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Windows 7: 3 Gigs Ram or 4?

28 Oct 2010   #21
cluberti

Windows 10 Pro x64
 
 

Quote   Quote: Originally Posted by DeaconFrost View Post
I swear I've had Dell OEM systems with 945 chipsets running with 4 GB of usable memory.
If you're talking about Vista SP1 or Win7, the number the OS reports in all the obvious places was changed to show "installed", not "available" because this was confusing people (obviously it still does) and probably generated support calls to the OEMs (resmon still shows you the actual numbers, and at least on Win7, shows you the hardware reserved bits as well).

http://support.microsoft.com/kb/946003


My System SpecsSystem Spec
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29 Oct 2010   #22
DeaconFrost

Windows 7 Ultimate x64 SP1
 
 

I'm well aware of the change in what's displayed in system properties. I still have scars from all the battles on other forums where users argued tooth and nail that Microsoft "fixed" their x86 versions to support 4 GB because their computers suddenly showed 4 GB, rather than 3.25 GB. My therapist says I'll soon be able to repress those memories.
My System SpecsSystem Spec
29 Oct 2010   #23
stormy13
Microsoft MVP

Win 7 Ultimate x64
 
 

Quote   Quote: Originally Posted by DeaconFrost View Post
I'm well aware of the change in what's displayed in system properties. I still have scars from all the battles on other forums where users argued tooth and nail that Microsoft "fixed" their x86 versions to support 4 GB because their computers suddenly showed 4 GB, rather than 3.25 GB. My therapist says I'll soon be able to repress those memories.


That's about as good as a guy I saw on another forum that didn't want to use Vista or 7 due to the increased memory use, which for some odd reason he claimed would also cause an increase in power use.

My System SpecsSystem Spec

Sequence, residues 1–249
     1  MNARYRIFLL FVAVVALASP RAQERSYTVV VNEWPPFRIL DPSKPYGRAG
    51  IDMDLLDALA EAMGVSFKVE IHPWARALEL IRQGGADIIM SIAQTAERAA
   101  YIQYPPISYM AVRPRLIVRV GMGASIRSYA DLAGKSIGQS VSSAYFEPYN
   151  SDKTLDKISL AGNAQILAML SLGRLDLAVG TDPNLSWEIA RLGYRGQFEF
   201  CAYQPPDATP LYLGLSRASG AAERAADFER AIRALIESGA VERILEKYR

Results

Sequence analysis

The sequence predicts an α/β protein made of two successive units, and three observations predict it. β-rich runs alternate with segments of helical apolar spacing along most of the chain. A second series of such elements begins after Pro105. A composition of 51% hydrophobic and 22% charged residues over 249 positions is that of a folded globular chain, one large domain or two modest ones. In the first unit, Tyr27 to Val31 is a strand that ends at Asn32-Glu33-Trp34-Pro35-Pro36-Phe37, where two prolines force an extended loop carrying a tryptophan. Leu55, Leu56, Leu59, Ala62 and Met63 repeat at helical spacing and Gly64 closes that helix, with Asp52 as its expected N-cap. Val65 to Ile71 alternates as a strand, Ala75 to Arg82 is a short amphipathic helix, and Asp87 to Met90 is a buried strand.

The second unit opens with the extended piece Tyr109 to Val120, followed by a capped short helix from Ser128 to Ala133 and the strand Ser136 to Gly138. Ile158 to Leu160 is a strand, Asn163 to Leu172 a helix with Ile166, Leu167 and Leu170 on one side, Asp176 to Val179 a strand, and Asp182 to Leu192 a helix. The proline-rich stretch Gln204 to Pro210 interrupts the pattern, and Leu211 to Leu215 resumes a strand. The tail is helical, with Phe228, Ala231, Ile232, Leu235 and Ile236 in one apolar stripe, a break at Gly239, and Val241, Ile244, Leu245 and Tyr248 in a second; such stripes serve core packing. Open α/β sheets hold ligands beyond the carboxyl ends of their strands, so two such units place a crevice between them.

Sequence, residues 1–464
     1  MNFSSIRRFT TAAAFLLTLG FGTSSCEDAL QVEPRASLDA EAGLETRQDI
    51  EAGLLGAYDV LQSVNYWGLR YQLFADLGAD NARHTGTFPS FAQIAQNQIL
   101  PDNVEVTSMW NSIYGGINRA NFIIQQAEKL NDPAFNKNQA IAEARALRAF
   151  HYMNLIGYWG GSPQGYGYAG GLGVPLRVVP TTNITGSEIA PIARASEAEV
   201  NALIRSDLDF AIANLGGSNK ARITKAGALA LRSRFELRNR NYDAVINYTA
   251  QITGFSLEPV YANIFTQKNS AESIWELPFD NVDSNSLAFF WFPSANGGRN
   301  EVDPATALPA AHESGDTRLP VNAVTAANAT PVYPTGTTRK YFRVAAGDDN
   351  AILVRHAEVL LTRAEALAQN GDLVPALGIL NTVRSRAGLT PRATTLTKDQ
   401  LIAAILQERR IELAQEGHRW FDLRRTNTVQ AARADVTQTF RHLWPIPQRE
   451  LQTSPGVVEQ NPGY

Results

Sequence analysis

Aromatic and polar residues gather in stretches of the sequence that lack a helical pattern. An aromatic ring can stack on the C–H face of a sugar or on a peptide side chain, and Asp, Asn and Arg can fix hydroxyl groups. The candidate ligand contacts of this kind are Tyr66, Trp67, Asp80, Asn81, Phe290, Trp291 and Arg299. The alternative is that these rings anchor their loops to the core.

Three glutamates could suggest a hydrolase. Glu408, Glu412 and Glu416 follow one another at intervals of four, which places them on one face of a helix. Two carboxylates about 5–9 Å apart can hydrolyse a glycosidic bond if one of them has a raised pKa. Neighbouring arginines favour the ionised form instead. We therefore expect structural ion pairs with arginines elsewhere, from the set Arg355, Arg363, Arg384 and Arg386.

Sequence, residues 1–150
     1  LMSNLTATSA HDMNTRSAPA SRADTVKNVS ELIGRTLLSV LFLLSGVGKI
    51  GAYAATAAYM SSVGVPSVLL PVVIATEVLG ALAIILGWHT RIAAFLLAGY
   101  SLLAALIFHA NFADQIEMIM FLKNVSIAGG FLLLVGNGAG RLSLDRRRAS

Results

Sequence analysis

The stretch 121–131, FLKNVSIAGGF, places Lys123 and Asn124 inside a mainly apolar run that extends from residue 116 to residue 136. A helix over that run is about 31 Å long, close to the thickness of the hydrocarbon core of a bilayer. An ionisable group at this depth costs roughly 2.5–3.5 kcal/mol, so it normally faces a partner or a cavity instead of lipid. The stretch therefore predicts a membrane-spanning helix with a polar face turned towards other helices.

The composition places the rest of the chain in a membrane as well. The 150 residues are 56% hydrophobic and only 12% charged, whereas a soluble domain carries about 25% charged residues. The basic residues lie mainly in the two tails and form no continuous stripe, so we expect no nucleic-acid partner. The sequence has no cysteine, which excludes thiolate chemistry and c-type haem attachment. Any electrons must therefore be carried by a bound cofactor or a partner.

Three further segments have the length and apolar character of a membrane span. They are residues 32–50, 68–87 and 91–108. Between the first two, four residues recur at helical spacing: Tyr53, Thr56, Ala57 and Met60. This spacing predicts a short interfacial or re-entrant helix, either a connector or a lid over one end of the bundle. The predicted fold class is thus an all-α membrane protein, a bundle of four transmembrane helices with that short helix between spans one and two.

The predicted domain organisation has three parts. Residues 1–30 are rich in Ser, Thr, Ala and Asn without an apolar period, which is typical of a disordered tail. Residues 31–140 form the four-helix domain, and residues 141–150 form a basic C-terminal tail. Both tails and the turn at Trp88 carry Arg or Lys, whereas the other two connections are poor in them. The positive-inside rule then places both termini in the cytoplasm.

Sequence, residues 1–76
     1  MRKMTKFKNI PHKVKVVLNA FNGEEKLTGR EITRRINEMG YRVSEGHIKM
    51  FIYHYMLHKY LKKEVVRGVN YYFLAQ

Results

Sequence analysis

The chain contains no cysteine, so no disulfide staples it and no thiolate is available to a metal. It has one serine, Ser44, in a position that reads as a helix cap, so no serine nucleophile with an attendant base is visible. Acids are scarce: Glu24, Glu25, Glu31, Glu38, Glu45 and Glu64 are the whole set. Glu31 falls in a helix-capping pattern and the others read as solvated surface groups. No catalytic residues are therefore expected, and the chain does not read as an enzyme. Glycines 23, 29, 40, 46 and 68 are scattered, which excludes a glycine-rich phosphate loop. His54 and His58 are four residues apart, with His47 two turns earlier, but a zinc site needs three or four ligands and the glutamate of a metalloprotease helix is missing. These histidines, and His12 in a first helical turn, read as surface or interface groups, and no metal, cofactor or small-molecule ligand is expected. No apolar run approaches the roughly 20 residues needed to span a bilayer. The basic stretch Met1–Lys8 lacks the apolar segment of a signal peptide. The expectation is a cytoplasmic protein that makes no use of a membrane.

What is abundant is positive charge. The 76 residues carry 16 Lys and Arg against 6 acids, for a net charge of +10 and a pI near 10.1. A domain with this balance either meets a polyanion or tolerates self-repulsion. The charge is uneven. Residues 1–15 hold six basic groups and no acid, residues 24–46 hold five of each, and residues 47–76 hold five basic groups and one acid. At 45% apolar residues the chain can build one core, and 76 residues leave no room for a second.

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29 Oct 2010   #24
cluberti

Windows 10 Pro x64
 
 

Heh - scars indeed.

My System SpecsSystem Spec
29 Oct 2010   #25
zzz2496

Windows7 Ultimate 64bit
 
 

Hmm... This is very weird... If what GeneO wrote is true, then I should only have less than 3GB available to my OS (which is NOT the case). I know that the chipset (or the memory controller in particular) needs to have the ability to access all of those memory banks that it's connected to, but Wow... This topic is very interesting indeed.

If you read my system specs, I have 2 display adapters, a GTX285 1GB and 8800 512MB... Those two alone should reduce my 4GB installed RAM to 2.5GB available to the system... But currently, all 4GB RAM is usable, even back in WinXP 32bit, I have around 3GB RAM available (with 4x1GB sticks installed). This is still not counting all other devices that are installed on my PCI(e) bus. As for display adapter's local RAM, it's a whole different device, and it uses different access method, and is addressed differently. In case you're wondering by this fact, the simple question would be: can you access the graphic adapter's local cache as a "real" RAM and have CPU a complete control over it? As if it's an extension of main memory...? Hint: display adapters have firmware that governs it self, we can say that it's more like a BIOS for display adapters, thus you can't really access it's RAM directly, not with that firmware in the way.